My wise friend, Cynthia, once commented, “I do not allow my children to be rude. If they are spoken to, they must respond.” ( This refers to adults that the parents know or someone in a public place -like a store clerk- when the parent is with the child and the person is just making friendly conversation. You still need to teach your children to be wary of strangers who are trying to entice them.)
A wonderful lesson for children to learn. I began thinking about how I was training my children, or maybe how I might have failed some of them.
We are predominantly a family of introverts. With some exceptions, we need time alone to recharge and energize. The exceptions in our family are energized by being around people.
It is easy to excuse a child's rudeness. “Oh, they are so shy. They can't respond.” (introvert) If we provide excuses for our child's behavior, they will accept them. “Johnny is so shy.” “Susie is so tired.” And the list goes on. Introverts can be taught to respond politely. Extroverts can be taught to wait to speak and not interrupt. (Yes, extroverts can be rude, too.)
I have a friend whose son is now an adult. He can start and carry on a conversation with almost anyone. Has he always been this way? Probably not. He likes structure and routine and at one time was diagnosed with very high functioning autism. His mother taught him how to converse with people; how to respond when spoken to. She knew the art of conversation and taught it to all her children; no excuses allowed.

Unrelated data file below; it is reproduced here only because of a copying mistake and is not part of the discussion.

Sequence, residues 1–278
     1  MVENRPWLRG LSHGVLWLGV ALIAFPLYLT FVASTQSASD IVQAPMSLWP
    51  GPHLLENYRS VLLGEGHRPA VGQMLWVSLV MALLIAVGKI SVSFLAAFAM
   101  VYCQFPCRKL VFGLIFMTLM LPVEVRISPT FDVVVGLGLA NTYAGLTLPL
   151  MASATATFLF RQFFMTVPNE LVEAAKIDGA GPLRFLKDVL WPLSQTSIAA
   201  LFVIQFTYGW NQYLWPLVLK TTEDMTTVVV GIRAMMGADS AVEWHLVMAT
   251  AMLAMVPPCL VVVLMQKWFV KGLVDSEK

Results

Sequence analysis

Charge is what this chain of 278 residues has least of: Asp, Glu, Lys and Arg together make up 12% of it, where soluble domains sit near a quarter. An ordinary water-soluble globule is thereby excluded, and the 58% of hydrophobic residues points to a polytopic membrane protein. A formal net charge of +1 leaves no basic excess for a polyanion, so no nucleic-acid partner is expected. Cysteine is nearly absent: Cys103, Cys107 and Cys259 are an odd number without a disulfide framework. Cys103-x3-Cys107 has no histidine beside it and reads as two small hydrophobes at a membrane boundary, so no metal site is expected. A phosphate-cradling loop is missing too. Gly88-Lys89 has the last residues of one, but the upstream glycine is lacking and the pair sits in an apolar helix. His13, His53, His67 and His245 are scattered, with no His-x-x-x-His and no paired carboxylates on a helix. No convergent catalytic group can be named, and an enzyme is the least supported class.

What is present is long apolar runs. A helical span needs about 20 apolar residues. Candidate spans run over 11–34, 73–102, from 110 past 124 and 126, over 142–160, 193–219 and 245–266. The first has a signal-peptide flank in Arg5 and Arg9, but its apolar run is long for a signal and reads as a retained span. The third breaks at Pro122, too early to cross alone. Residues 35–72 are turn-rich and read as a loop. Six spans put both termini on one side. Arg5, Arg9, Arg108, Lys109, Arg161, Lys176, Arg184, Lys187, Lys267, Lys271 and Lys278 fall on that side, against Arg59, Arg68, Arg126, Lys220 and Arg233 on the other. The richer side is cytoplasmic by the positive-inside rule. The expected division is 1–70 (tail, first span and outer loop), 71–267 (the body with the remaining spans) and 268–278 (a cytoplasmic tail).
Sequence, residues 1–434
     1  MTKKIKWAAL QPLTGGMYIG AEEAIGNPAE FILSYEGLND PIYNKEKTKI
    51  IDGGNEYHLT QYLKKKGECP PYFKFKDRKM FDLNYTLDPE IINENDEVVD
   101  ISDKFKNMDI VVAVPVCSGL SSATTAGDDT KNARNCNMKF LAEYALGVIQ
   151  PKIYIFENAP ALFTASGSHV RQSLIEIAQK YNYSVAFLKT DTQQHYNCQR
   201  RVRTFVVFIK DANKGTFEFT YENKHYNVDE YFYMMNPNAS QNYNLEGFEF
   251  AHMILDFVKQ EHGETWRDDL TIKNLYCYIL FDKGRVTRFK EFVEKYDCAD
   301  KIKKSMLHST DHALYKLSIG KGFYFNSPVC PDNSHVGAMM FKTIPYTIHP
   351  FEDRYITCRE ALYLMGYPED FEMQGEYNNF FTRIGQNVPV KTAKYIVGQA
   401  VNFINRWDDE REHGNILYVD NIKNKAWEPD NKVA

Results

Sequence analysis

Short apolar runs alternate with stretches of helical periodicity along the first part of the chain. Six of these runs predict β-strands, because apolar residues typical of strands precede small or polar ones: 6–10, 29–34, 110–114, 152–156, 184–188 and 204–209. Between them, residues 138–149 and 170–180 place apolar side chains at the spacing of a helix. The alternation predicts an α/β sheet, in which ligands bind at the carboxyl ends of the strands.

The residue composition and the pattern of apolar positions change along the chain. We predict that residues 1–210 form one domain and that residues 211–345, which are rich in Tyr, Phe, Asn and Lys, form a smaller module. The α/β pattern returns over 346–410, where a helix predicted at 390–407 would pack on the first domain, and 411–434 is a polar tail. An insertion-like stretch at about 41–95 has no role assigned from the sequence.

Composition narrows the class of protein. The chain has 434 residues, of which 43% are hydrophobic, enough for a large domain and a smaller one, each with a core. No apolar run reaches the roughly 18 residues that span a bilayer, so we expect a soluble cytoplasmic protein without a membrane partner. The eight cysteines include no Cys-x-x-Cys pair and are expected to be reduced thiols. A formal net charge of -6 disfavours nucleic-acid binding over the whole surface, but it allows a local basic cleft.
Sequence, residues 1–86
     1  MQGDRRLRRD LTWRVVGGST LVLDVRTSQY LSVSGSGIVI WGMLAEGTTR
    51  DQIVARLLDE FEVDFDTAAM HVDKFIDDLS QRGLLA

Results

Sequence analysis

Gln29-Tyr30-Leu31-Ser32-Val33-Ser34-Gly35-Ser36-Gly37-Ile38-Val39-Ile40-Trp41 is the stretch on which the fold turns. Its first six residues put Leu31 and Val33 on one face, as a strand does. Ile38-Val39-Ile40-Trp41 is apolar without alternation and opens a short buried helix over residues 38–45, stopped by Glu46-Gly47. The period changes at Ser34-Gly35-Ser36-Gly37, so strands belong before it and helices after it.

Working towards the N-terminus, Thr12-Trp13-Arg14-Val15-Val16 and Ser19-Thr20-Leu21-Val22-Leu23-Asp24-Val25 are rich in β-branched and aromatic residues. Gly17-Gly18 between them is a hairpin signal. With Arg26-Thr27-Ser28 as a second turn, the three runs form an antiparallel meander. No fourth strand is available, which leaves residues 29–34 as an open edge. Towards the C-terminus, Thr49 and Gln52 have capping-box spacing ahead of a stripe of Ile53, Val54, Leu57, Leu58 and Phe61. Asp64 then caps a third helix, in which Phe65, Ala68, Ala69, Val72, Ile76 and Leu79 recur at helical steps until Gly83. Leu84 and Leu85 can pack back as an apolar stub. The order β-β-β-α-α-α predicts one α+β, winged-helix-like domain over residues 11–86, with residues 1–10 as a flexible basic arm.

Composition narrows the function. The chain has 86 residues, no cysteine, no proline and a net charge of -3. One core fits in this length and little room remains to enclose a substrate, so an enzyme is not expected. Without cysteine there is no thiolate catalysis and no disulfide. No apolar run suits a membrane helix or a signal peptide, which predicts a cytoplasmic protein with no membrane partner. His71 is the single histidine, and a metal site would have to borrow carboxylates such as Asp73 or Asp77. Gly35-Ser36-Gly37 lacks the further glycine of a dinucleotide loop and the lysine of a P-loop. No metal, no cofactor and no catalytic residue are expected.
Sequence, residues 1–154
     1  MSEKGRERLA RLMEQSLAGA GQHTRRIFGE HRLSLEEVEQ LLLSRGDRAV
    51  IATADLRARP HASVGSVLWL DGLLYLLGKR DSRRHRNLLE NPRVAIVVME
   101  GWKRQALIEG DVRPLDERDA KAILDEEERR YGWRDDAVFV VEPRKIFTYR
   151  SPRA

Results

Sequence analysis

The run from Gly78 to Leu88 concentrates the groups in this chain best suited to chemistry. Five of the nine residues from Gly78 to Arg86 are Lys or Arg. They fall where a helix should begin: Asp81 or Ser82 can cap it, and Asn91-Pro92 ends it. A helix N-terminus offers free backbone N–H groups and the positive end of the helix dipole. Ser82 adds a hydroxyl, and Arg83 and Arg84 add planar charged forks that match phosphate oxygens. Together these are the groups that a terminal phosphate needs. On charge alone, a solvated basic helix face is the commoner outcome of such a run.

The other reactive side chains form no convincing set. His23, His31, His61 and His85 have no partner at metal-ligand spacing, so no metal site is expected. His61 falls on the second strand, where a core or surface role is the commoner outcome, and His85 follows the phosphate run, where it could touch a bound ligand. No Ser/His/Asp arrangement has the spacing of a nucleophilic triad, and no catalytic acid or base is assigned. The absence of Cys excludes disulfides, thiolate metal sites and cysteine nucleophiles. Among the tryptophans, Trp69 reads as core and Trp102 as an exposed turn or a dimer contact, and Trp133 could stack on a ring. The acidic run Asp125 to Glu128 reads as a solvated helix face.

After my friend’s comment about not allowing her children to be rude, I decided to make a better effort to train my children, especially the younger ones, to speak when spoken to. I really appreciated the adults who allowed me to do this and use their interaction for training. One lady at church, during the 'meet and greet' time, waited patiently while I prompted my child to return her greeting. This child did not want to speak. The lady continued to smile and wait while I explained to the child that she must speak. Eventually she spoke and the lady was very kind and courteous. It does not help a parent when another adult notices the child's discomfort (yes, there will be discomfort) and says, “Oh, it's ok. Don't worry about it.” This provides an excuse for the child and they miss valuable training.
If you have an extrovert who wants to talk to everybody about everything, including interrupting adult conversations, their training is a little different. They need to learn to wait their turn to talk and not to interrupt.
I am not suggesting that you try to make your introvert into an extrovert or vice-versa. I am saying that their personality type should not be an excuse to be rude. Introverts and extroverts need to be taught to be polite in social settings. For the introverted child, make sure they have alone time to recharge. For the extroverted child, make sure they have social time to be energized.
I'm not sure I got this one right when raising my children, but I do believe that with proper training, any child can be comfortable and polite in social settings.
Something to contemplate: is your child learning to be polite?